|Dietary fats regain their place at the table|
|Tuesday, 10 January 2012|
The tide is turning on the reputation of fat as we begin to understand more about how our bodies actually use and need dietary fat, and realise that low-fat diets may have been working against us, according to Fats and Oils: Culinary Trend Mapping Report by leading market research publisher, Packaged Facts, and the Center for Culinary Development (CCD).
This mindset shift about fat follows the same story arc for carbohydrates. Thanks to fresh science and the well-reinforced lessons about whole grains, consumers are savvier than ever about the notion of good carbs and bad carbs. "We suspect that fats are coming next into the limelight, and the same 'good fat, bad fat' consumer filter will be applied," says Kimberly Egan, CEO of CCD.
What's fueling the transformation of fat from bad guy to okay-in-moderation companion? Primarily it's nutritional science that is pushing through new ideas about how our bodies use and metabolise fats. Simultaneously, whole-food enthusiasts are turning to the fats used in pre-industrial times to recapture what they feel is lost goodness, with the nose-to-tail and farm-to-table culinary trends reviving the demand for the farm animal fats that once dominated home and restaurant kitchens, but lost favour in recent decades.
In addition, our constant exploration for new foods and flavours has yielded some tasty finds from other parts of the globe.
All of these drivers are pushing new points of view and new products in the consumer fats and oils category. Fats and Oils: Culinary Trend Mapping Report profiles several hot trends using CCD's proprietary Trend Mapping methodology, and offers strategic ideas for product development translation:
Stage 1: Ghee -- This Indian kitchen staple is regarded as the essence of the holy cow's milk; it's believed to have healing qualities and nutritional benefits. A form of clarified butter, ghee not only adds richness to foods, it also has a high smoke point and that makes it ideal for deep frying.
Stage 1: Rice Bran Oil -- Rice bran oil is quickly becoming the go-to oil for better fried food. Rice bran oil is extracted from the germ and inner husk of rice kernels, and has been used in many Asian countries and commercially in the US, where it began appearing in packaged food products by the late 1980s. It is now experiencing a surge in home and restaurant kitchens because of its superior nutritional profile and frying capabilities.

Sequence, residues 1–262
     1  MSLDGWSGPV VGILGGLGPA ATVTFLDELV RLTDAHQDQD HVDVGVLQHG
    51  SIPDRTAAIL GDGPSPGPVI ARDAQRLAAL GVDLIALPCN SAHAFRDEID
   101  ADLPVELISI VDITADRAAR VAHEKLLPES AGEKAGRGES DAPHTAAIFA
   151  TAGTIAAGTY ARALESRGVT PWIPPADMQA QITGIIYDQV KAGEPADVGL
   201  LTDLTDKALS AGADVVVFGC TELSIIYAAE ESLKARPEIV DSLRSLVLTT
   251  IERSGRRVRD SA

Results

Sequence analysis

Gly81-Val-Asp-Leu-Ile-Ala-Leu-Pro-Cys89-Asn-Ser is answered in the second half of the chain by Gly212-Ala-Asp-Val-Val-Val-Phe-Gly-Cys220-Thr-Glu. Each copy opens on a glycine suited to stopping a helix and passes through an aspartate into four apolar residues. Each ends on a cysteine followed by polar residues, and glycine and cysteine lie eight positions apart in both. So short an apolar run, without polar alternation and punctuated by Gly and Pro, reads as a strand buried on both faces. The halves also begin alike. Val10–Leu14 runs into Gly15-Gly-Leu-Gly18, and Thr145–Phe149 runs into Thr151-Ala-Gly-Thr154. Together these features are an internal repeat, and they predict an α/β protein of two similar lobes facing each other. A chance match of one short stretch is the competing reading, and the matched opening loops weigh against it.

Stage 1: Lard & Schmaltz -- Many chefs are returning to culinary traditions that got derailed in the early 20th century, when animal fat was demonised and margarine and vegetable oil took over our kitchens. Old-fashioned animal fats like lard and schmaltz are appearing on independent restaurant menus and in recipes for classics like piecrusts and matzo ball soup.
Stage 2: Duck Fat -- Traditionalists call it luxurious, hipsters call it awesome. Whatever the superlative, duck fat has long been revered for its cooking uses and delectable flavour, though also shunned by some for its saturated fat. The newest and most surprising assertions about duck fat are that it might not be all that bad for you.
Stage 2: Coconut Oil -- Coconut oil got a bad rap in the 1990s thanks to studies that looked at the negative effects of its partially hydrogenated forms. But its reputation is being rehabilitated, thanks in part to a surge in interest in coconut water and coconut milk-based foods and beverages, as well as an uptick in vegan diets and an embrace of natural whole food fats that can help cholesterol levels.
Stage 3: Nut & Seed Oils -- Many consumers are embracing the concept of good sources of fat for their diet. In that context, nuts are already rising stars--particularly walnuts and almonds, which have lots of good-for-you vitamins packed alongside monounsaturated fats. Taking that idea one step further, nut oils can provide both variety to eating well and flavour goodness.
Stage 5: Margarine & Spreads -- The margarine and butter shelves in our supermarkets are getting pretty crowded these days. Trans fats have vanished and in their place we find "buttery spreads" promoting their lack of cholesterol and in many cases their inclusion of olive oil and omega-3s. Margarine has survived the trans fat controversy and evolved to meet consumer needs yet again, including being easier on the pocketbook during recessionary times when dairy prices continue to rise.
For more information on Fats and Oils: Culinary Trend Mapping Report, visit https://www.packagedfacts.com/Fats-Oils-Culinary-2895584/ or www.marketresearch.com.